The Yiddish Book Center's
Wexler Oral History Project
A growing collection of in-depth interviews with people of all ages and backgrounds, whose stories about the legacy and changing nature of Yiddish language and culture offer a rich and complex chronicle of Jewish identity.
"Hop! Mayne Hamentashen": A Live Performance of a Yiddish Folksong
Sue Ehrlich—New York native, Yiddish activist, and artist—sings Yiddish folk Purim song about gathering the ingredients for and preparing homentashen.
This is an excerpt from an oral history with Sue Ehrlich.
This excerpt is in English and Yiddish.
Sue Ehrlich was born in New York, New York in 1928.
Other video highlights from this oral history
"They would maim the child sufficiently": 'Fixers' Helping Children to Avoid Tsarist Army Conscription
2 min 10 sec
Slide 1 of 12
"I Didn't Mind Being Deprived of the English Stations": WEVD Yiddish Radio Station
2 min 34 sec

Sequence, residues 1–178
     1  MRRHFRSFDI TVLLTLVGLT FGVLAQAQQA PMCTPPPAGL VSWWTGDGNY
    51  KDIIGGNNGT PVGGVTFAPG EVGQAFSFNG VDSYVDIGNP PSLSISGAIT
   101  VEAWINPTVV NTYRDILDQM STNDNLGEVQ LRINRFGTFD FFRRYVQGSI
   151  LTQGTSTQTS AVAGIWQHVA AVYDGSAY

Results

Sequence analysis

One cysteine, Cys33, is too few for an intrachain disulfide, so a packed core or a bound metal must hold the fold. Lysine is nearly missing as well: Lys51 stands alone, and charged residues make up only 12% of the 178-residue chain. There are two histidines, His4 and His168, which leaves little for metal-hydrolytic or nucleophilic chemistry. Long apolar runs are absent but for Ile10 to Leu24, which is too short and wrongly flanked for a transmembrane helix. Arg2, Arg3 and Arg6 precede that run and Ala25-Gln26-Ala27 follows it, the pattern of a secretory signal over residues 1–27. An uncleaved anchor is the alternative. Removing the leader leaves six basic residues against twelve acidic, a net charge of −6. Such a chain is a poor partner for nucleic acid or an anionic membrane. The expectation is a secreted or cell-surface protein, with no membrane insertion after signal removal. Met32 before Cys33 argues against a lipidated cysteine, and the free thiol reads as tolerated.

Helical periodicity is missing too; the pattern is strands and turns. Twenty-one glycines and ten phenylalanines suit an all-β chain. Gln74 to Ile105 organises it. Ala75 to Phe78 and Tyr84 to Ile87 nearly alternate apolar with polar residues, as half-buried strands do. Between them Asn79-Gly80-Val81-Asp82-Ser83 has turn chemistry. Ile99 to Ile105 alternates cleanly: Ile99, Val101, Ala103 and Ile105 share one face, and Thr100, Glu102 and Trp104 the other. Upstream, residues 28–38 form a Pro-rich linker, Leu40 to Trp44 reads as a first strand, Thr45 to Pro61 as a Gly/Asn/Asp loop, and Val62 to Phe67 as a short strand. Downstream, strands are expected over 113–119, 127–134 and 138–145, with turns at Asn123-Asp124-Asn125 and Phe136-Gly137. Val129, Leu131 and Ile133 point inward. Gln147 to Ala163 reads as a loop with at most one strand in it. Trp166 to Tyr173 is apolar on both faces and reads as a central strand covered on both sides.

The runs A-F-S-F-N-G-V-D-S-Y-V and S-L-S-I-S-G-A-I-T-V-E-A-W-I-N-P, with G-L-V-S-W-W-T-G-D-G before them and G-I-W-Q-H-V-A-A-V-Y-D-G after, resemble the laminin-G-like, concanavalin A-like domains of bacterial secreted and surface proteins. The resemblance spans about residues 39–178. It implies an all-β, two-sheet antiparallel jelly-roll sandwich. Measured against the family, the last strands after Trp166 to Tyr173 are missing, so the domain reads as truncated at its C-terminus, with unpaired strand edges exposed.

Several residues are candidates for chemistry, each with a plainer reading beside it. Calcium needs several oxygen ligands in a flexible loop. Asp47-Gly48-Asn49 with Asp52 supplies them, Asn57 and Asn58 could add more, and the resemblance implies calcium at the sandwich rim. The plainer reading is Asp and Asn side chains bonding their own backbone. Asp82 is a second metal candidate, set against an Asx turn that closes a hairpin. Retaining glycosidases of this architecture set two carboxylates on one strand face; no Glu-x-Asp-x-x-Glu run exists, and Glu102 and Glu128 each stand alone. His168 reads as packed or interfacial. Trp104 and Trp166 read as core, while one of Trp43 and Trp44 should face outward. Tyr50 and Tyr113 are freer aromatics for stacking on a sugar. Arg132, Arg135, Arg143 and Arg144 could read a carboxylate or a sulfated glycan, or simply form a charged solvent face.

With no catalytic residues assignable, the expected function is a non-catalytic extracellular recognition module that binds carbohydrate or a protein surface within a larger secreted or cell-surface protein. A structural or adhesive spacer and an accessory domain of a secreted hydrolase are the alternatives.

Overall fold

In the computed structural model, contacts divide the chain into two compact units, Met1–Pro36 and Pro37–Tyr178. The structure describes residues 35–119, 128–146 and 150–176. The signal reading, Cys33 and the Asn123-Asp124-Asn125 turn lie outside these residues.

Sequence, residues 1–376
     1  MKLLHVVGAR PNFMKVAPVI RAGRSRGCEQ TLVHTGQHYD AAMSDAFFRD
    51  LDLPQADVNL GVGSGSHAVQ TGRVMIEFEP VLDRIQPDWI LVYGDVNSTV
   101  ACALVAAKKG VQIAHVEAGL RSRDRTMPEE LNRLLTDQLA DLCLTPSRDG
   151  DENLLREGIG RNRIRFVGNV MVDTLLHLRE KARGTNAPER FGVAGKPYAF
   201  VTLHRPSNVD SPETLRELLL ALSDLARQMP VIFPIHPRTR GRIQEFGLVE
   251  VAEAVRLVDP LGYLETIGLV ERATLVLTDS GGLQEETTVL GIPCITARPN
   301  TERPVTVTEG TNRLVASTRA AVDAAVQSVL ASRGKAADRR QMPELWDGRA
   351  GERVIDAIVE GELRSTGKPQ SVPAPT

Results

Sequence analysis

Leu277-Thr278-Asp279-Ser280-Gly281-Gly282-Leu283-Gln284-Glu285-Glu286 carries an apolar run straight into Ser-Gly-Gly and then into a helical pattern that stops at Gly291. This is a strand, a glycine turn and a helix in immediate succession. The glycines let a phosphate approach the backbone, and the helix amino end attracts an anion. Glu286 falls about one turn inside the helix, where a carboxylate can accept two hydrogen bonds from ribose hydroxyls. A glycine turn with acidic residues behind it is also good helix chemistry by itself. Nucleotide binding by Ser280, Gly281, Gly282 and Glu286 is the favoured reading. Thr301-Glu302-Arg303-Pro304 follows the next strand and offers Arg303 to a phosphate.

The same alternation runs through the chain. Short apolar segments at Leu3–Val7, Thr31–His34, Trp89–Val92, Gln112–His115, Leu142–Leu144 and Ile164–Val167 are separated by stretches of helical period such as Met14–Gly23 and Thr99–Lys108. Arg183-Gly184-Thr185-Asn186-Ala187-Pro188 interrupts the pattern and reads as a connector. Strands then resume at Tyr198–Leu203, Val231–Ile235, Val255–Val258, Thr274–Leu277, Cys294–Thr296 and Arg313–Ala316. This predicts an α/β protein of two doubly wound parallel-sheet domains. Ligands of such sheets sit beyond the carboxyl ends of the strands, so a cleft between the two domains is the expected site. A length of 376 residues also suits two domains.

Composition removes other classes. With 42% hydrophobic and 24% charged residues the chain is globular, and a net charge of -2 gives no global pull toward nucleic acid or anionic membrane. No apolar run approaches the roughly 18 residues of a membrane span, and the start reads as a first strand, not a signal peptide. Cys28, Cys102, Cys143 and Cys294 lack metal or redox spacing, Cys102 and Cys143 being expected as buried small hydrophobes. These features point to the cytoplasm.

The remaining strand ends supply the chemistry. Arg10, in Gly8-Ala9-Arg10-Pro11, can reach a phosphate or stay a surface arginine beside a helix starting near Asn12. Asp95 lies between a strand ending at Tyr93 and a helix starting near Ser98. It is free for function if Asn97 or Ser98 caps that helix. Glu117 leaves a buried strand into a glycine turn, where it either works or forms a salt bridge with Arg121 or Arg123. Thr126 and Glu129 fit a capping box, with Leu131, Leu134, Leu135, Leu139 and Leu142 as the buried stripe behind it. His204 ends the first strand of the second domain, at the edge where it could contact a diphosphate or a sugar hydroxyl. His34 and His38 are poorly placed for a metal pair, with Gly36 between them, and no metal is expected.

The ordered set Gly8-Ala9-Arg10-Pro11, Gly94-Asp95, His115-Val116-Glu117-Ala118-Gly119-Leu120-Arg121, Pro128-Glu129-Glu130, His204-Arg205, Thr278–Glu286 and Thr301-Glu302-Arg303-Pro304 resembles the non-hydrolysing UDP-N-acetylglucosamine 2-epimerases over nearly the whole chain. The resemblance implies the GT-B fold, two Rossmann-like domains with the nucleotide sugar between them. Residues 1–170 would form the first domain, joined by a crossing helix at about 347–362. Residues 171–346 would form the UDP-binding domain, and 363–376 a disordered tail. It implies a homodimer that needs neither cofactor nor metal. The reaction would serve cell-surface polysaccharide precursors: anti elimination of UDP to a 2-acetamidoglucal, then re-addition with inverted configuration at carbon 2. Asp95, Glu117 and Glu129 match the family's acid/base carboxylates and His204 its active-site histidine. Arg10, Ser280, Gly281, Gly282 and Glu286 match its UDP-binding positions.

Slide 2 of 12
"Women Were the Transmitters of this Language": Yiddish transmission in the 18th Century
1 min 20 sec
Slide 3 of 12
"Tsi Hot Ir Lib Gehat Lokshn? (Do You Like Noodles?)": A Yiddish Folktale
2 min 26 sec
Slide 5 of 12
A Shock That Was Too Much for Some: Immigration from Kamenets, Ukraine to New York City
Slide 7 of 12
"When the labor inspector came, they had a little ditty that they sang as a warning": Children working illegally in the Garment Factories of New York City
1 min 13 sec
Slide 8 of 12
"My brother was a character": Jews protecting Jews in Ethnically Mixed New York City Neighborhood
1 min 22 sec
Slide 9 of 12
"Nobody Would Hire You If You Were Jewish": Boy's Clubs' "connections" in New York City during the 1940s
1 min 28 sec
Slide 10 of 12